Norwegian has mounted a defence of its operating model after criticism from pilot union ALPA.
In a statement issued on 17 December, ALPA accuses Norwegian of seeking to "exploit legal and regulatory loopholes" to "gain economic advantage over US airlines".
The union is calling on the US Department of Transportation to reject a foreign air carrier permit application from Norwegian Air International, an Irish sister company to which the Oslo-based low-cost carrier is transferring its long-haul business. "The exploitation of the laws intended to prevent labour-law shopping cannot be allowed to stand," says ALPA president Lee Moak.
Norwegian responds: "Those familiar with the airline industry also know that competitive wages and conditions are not country-specific – but rather follow an international standard."
The airline, which bases its long-haul flightcrew in Bangkok, serves the Thai capital and US destinations from Scandinavia. It will add US routes from the UK's London Gatwick airport next year.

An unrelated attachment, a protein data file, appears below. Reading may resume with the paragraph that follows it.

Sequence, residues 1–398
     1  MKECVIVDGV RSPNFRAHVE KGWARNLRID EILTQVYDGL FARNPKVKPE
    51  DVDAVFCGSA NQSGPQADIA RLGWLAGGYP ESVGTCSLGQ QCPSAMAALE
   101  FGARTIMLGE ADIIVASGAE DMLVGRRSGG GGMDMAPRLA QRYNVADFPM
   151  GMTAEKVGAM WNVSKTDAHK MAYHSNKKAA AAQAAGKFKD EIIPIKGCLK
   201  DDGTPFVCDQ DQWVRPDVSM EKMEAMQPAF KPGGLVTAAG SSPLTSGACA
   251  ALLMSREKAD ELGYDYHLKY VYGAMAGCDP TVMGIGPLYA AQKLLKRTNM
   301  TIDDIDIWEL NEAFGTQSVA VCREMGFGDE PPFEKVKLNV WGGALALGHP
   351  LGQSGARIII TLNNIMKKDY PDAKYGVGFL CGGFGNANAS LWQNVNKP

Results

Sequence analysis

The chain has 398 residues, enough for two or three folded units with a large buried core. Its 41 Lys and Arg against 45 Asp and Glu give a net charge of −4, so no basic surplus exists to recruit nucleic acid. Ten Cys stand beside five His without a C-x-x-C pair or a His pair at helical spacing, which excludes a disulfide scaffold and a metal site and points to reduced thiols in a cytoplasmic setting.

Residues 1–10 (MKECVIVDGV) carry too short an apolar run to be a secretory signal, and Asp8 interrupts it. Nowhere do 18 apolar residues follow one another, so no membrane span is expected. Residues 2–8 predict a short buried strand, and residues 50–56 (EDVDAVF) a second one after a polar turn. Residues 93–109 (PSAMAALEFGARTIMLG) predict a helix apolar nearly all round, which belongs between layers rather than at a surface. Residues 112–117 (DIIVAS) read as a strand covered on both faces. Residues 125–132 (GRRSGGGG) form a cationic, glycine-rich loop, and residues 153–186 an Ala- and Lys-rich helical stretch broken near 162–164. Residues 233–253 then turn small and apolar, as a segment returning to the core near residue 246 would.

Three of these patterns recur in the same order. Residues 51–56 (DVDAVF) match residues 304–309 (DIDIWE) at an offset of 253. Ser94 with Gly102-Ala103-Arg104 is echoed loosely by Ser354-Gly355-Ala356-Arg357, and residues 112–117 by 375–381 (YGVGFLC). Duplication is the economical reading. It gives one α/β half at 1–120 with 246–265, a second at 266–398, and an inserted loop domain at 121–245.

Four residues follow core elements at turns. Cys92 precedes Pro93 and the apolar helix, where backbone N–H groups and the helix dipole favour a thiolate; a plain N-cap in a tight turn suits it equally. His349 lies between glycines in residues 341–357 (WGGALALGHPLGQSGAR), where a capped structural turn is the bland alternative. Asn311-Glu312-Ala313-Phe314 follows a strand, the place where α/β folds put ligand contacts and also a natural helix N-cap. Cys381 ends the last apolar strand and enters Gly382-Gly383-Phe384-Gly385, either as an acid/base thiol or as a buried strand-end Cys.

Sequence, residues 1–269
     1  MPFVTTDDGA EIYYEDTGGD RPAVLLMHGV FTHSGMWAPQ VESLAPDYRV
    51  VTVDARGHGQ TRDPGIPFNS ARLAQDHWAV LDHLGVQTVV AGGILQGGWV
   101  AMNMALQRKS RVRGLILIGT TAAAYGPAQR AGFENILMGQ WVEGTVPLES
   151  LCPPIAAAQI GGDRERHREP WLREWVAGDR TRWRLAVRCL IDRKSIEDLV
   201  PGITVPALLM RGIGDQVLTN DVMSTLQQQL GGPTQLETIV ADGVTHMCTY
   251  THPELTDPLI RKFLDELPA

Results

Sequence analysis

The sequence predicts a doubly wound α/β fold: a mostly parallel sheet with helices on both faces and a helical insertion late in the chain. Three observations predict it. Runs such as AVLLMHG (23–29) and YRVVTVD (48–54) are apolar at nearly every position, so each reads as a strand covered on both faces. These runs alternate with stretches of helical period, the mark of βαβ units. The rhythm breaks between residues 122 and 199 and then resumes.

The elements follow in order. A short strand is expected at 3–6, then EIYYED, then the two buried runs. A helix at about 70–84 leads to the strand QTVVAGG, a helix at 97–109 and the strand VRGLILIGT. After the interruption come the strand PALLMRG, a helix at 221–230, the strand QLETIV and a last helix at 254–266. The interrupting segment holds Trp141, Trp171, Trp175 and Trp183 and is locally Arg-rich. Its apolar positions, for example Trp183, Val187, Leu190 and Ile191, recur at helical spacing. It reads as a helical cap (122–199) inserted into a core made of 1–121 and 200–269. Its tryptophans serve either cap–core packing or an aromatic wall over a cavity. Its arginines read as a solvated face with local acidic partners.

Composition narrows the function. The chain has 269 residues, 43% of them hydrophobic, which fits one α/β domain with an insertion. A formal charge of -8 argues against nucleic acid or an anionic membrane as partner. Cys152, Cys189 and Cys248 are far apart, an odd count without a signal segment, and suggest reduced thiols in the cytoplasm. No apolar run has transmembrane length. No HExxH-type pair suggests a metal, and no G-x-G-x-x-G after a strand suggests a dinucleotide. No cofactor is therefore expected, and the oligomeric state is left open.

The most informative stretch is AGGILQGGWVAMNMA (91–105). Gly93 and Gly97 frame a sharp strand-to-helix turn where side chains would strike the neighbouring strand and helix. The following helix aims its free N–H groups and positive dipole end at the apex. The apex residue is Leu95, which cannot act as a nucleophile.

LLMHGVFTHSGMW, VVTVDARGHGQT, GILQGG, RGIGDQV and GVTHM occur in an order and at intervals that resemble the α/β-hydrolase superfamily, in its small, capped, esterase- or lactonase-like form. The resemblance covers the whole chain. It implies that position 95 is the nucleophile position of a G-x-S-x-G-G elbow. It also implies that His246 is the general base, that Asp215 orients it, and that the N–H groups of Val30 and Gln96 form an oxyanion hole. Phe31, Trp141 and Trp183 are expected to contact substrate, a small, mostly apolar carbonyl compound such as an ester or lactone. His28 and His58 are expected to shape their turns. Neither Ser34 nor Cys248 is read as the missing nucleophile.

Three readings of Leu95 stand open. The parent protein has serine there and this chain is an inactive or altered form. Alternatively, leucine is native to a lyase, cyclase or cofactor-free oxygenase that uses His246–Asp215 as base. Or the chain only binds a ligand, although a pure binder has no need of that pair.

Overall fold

Its long-haul pilots have European Aviation Safety Agency certificates and are attracted, the airline argues, by "highly competitive conditions on a par with both US and other European carriers", plus "the opportunity to fly the Boeing 787 Dreamliner, a brand-new aircraft type that offers improved in-flight working conditions".
The airline says it "always follows the rules and regulations in all markets we operate", and that it is reacting to market opportunities created by the open-skies agreement, which "seeks to transform the transatlantic market by removing barriers and protectionist schemes".
Cabin-crew bases that Norwegian intends to open in Fort Lauderdale and New York next year will create "several hundred" new US jobs, says the carrier.
"We encourage American pilots to come work for us," it adds. "To do so, they will need an EASA licence."